a re-implementation of the asyncio mainloop on top of Trio
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trio-asyncio

Trio-Asyncio is a re-implementation of the asyncio mainloop on top of Trio.

Trio-Asyncio requires Python 3.6 or 3.7. It should work on Python 3.5.3, but that's not tested, as the test suite requires 3.6.

Rationale

Trio has native concepts of tasks and task cancellation. Asyncio is based on callbacks and chaining Futures, albeit with nicer syntax, which make handling of failures and timeouts fundamentally less reliable, esp. in larger programs. Thus, you really want to base your async project on Trio.

On the other hand, there are quite a few asyncio-enhanced libraries. You really don't want to re-invent any wheels in your project.

Thus, being able to use asyncio libraries from Trio is useful. Trio-Asyncio enables you to do that, and more.

Transparent vs. explicit translation

trio_asyncio does not try to magically allow calling await trio_code() from asyncio or vice versa. There are multiple reasons for this; the executive summary is that cross-domain calls can't be made to work correctly, and any such call is likely to result in an irrecoverable error. You need to keep your code's asyncio and trio domains rigidly separate.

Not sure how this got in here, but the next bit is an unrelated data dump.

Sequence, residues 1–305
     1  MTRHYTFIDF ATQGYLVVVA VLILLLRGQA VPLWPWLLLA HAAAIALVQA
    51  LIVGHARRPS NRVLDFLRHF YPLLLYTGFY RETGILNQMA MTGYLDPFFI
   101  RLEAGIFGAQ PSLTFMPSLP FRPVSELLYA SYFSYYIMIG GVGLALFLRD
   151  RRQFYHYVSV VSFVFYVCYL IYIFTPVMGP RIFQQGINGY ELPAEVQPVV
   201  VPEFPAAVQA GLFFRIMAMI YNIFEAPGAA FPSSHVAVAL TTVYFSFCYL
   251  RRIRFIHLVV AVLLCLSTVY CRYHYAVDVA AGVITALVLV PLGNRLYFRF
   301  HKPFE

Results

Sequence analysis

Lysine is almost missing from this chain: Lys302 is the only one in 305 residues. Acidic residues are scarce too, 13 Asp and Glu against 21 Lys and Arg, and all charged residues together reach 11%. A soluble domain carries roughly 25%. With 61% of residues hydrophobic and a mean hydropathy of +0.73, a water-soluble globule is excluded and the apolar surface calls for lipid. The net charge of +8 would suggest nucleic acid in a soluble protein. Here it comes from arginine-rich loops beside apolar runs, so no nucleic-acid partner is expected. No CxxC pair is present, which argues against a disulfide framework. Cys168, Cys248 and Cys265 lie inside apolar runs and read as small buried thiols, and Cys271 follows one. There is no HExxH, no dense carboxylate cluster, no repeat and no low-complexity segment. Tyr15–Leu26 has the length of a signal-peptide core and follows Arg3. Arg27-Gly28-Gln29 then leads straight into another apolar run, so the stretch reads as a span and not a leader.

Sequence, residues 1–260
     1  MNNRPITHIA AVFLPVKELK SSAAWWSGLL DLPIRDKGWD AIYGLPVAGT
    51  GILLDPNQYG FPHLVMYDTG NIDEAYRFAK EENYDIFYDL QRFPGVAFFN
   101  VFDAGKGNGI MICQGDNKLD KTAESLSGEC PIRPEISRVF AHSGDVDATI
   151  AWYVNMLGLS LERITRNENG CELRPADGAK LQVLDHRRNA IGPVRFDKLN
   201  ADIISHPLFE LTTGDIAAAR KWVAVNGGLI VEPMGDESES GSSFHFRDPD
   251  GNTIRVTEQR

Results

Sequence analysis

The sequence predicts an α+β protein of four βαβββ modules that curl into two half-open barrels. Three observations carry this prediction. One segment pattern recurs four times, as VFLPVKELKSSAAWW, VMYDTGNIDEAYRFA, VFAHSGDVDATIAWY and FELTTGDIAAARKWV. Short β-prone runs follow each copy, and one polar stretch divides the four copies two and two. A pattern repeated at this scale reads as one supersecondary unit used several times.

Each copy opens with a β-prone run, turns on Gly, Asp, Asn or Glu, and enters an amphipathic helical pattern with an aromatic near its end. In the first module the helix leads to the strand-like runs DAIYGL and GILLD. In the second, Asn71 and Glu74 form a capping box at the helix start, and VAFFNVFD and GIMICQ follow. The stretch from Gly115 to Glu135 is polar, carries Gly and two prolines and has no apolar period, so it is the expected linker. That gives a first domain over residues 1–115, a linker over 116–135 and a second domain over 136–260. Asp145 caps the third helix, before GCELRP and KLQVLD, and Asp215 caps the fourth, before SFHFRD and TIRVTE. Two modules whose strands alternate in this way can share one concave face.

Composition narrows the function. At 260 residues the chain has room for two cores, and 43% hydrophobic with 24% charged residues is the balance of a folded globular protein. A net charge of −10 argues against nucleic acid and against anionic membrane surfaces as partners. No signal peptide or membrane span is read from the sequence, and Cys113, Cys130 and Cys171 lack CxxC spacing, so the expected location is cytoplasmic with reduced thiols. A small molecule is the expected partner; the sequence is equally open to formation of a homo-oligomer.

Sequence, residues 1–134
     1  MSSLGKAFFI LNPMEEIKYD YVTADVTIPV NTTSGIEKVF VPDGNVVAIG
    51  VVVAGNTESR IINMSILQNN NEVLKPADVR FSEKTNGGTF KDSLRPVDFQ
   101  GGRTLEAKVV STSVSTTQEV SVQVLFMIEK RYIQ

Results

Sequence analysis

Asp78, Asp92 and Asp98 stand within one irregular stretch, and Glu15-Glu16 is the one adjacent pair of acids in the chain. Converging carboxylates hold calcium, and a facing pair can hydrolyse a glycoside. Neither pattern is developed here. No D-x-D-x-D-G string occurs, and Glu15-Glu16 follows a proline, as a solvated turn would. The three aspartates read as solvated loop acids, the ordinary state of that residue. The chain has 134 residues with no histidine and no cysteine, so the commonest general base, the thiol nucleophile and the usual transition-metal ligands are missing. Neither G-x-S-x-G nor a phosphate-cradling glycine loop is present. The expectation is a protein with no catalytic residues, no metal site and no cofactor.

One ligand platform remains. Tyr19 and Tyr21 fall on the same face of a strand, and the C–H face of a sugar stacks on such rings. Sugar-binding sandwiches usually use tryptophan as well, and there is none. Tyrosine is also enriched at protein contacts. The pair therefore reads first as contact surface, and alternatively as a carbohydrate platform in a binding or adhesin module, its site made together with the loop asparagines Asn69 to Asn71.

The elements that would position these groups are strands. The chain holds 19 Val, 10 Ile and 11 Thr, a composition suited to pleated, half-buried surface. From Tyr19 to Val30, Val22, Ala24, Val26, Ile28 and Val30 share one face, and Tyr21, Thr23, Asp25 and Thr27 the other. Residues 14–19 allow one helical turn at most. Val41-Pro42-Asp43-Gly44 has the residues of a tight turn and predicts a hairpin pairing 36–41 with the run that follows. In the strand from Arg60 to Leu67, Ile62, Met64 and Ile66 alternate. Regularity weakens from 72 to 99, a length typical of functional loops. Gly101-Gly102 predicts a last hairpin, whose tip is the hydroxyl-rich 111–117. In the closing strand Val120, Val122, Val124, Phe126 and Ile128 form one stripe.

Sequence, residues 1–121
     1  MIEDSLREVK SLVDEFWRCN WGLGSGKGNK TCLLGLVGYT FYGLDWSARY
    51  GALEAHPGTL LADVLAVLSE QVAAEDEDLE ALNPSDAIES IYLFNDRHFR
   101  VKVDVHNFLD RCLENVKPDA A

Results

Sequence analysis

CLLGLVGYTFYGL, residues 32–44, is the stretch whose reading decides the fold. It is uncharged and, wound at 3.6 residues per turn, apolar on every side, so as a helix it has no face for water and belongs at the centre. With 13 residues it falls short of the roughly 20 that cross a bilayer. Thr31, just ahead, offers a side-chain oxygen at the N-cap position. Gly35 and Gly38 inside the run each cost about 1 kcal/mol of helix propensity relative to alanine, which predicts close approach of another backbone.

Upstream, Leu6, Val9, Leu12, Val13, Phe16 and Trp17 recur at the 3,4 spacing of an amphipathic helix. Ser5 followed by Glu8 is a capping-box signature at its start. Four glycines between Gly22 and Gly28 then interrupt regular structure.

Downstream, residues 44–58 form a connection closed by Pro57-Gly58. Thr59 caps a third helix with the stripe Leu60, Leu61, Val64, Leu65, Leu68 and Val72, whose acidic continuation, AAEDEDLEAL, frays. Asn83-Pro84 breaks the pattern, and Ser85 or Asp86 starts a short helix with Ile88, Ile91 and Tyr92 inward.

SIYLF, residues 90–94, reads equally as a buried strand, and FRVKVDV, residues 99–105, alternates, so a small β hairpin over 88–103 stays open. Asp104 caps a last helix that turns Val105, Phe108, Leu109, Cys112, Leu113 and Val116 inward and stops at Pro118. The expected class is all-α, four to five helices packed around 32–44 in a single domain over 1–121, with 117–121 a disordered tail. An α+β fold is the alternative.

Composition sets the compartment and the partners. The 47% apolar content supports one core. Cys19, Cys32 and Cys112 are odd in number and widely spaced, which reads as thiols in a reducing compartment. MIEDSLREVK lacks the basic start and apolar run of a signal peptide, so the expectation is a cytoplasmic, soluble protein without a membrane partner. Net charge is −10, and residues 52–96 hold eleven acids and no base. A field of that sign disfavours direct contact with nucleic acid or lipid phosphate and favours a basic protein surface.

Fortunately, this is not difficult.

Usage

Trio-Asyncio's documentation is too large for a README.

For further information, see the manual on readthedocs.

Hacking trio-asyncio

Licensing

Like trio, trio-asyncio is licensed under both the MIT and Apache licenses. Submitting patches or pull requests imply your acceptance of these licenses.

Patches

are accepted gladly.

Testing

As in trio, testing is done with pytest.

Test coverage is close to 100%. Please keep it that way.

Author

Matthias Urlichs <matthias@urlichs.de>